Frazer would agree with Opderbeck and disagree with Laconte. Frazer quotes Steven Dworetz, "the clergy's indispensable contribution to the Revolution ... cannot be fully understood without reference to Locke" and Locke's "theistic liberalism." (p. 85)

Frazer goes on to review a series of core principles under-girding the American Revolution, all of which derive from "liberal democratic theory": state of nature, equality, consent of the governed, popular sovereignty, , self-determination, social compact, rulers accountability to the people, purpose of gov't. to secure the common good, natural rights, liberty, majority rule, republican gov't. and resistance to tyranny. None of these ideas are biblical, but preachers creatively synthesized "elements of Christian influence" with Locke.

Frazer concludes that, "hearing the tenets of liberal democratic theory proclaimed from the pulpit as a divine message solidly reinforced those principles in the minds of the people and plowed the mental ground into which leaders sowed political seeds." (p. 106)

Tom Van Dyke said...

the quintessential Enlightenment philosopher John Locke

Sez who? Secularists have been de-Christianizing Locke for quite awhile now, and it's easy to, if you don't know a damn thing about the Bible and the Christian tradition.

See the work of Jeremy Waldron and Kim Ian Parker.

It is now widely assumed that religious toleration—a hallmark of the secular, democratic West—grew out of the 18th-century Enlightenment. This may be true in much of Europe, but not in the United States.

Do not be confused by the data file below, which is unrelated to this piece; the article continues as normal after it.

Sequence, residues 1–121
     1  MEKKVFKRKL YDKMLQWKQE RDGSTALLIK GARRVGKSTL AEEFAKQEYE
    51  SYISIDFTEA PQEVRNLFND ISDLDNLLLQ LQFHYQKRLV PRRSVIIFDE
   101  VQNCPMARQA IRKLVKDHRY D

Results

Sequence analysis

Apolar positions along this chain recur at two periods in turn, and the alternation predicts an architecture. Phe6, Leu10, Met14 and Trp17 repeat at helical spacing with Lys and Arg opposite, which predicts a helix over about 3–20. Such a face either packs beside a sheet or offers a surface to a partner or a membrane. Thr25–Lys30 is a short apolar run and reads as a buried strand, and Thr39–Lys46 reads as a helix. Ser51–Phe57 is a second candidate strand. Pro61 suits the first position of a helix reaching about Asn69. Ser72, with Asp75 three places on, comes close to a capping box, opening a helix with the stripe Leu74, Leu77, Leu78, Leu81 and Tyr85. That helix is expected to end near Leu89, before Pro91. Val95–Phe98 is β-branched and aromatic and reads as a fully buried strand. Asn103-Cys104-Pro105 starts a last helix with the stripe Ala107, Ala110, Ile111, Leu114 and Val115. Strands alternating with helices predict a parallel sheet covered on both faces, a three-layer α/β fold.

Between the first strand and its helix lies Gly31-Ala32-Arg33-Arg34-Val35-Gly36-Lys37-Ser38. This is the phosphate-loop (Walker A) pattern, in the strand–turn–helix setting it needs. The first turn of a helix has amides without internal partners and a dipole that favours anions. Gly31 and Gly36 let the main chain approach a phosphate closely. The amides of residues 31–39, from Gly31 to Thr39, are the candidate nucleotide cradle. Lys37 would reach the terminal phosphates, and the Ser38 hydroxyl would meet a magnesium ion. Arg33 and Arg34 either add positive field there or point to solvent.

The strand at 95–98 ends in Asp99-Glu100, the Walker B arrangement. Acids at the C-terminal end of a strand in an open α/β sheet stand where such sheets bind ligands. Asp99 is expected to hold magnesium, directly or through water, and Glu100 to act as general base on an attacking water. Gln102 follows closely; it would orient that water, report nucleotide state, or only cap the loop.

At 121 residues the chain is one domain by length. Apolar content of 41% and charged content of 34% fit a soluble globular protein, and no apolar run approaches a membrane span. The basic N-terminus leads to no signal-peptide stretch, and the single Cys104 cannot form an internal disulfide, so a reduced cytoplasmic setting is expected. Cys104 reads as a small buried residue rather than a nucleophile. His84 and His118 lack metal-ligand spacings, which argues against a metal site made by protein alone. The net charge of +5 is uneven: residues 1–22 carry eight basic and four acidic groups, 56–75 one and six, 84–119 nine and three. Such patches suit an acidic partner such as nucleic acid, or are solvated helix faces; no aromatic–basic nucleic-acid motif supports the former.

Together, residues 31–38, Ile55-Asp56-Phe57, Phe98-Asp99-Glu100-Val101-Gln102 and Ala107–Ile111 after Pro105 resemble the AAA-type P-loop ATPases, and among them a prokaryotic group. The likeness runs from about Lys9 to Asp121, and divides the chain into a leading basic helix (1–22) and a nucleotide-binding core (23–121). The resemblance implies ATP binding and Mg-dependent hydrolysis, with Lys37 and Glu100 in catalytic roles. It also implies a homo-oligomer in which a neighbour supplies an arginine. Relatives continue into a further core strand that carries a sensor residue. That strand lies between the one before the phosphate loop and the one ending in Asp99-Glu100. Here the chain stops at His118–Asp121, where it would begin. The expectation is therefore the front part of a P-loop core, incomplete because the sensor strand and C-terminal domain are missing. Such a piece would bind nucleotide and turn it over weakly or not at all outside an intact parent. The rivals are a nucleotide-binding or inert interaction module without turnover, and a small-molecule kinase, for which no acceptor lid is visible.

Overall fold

And this is precisely the reason that Locke is a giant in American thought and is unheralded on the European continent. [And Britain itself!] the "other" Enlightenment.

It's precisely Locke's congeniality with Christian thought that made him the political philosopher of choice in the rather religious American colonies.

Jason Pappas said...

I think these two authors illustrate the problem with conflicting definitions. When I read Loconte's article I had to assume that his definition of Enlightenment was a narrow one, perhaps French, and certainly anti-religious. He may be using the word secular to mean anti-religious. When I read Opderbeck's letter, I assumed his definition of Enlightenment was broad and included the empiricism (Bacon, Newton, Locke, Hume) as well as continental rationalism. The empiricism is inherently secular (instead of a reliance on religious dogma) but aside from Hume there was no hostility towards religion. (Incidentally, Opderbeck’s letter reveals his Christian sympathies, too.)